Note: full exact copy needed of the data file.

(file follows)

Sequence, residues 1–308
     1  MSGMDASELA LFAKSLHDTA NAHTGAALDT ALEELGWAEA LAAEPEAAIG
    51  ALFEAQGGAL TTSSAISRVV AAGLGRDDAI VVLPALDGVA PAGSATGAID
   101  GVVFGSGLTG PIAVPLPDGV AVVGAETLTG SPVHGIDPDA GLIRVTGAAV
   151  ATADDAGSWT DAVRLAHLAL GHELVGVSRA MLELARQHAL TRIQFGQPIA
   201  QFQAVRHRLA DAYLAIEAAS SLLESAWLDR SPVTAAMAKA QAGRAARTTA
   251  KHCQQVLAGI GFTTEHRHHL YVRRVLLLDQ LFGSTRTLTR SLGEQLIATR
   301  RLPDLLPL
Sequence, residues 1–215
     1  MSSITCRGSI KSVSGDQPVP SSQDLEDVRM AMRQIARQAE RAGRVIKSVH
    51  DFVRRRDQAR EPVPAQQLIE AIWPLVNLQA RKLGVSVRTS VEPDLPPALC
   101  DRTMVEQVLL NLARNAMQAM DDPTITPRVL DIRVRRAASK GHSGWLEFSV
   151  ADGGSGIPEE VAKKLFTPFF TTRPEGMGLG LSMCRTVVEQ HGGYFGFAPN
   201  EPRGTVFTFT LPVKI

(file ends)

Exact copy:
Sequence, residues 1–308
     1  MSGMDASELA LFAKSLHDTA NAHTGAALDT ALEELGWAEA LAAEPEAAIG
    51  ALFEAQGGAL TTSSAISRVV AAGLGRDDAI VVLPALDGVA PAGSATGAID
   101  GVVFGSGLTG PIAVPLPDGV AVVGAETLTG SPVHGIDPDA GLIRVTGAAV
   151  ATADDAGSWT DAVRLAHLAL GHELVGVSRA MLELARQHAL TRIQFGQPIA
   201  QFQAVRHRLA DAYLAIEAAS SLLESAWLDR SPVTAAMAKA QAGRAARTTA
   251  KHCQQVLAGI GFTTEHRHHL YVRRVLLLDQ LFGSTRTLTR SLGEQLIATR
   301  RLPDLLPL
Sequence, residues 1–215
     1  MSSITCRGSI KSVSGDQPVP SSQDLEDVRM AMRQIARQAE RAGRVIKSVH
    51  DFVRRRDQAR EPVPAQQLIE AIWPLVNLQA RKLGVSVRTS VEPDLPPALC
   101  DRTMVEQVLL NLARNAMQAM DDPTITPRVL DIRVRRAASK GHSGWLEFSV
   151  ADGGSGIPEE VAKKLFTPFF TTRPEGMGLG LSMCRTVVEQ HGGYFGFAPN
   201  EPRGTVFTFT LPVKI